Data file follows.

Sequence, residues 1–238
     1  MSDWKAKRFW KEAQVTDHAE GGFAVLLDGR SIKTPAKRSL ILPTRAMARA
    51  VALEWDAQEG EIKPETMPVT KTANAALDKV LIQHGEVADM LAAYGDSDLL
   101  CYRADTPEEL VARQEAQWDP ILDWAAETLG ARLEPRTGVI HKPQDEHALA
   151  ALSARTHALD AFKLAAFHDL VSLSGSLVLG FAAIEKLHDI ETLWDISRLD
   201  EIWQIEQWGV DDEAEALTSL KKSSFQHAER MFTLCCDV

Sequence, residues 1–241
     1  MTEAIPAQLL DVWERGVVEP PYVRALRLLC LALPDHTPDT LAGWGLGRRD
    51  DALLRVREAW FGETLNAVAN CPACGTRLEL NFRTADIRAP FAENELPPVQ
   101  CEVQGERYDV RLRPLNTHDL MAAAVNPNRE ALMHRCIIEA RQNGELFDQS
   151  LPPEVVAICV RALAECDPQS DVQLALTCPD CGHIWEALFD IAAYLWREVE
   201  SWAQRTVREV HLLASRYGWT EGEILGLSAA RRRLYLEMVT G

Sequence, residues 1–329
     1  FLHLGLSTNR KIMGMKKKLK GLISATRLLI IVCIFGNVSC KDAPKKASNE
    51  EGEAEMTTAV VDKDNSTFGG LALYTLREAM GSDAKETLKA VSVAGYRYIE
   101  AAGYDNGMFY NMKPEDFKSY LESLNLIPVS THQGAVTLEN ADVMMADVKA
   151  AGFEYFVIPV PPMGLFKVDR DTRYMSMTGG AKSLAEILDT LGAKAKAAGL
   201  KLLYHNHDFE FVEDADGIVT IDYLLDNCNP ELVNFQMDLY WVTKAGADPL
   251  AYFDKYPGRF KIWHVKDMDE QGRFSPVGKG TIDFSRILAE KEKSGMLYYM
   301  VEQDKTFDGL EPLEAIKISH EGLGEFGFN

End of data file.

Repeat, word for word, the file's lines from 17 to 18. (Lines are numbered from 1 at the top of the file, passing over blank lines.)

   151  AGFEYFVIPV PPMGLFKVDR DTRYMSMTGG AKSLAEILDT LGAKAKAAGL
   201  KLLYHNHDFE FVEDADGIVT IDYLLDNCNP ELVNFQMDLY WVTKAGADPL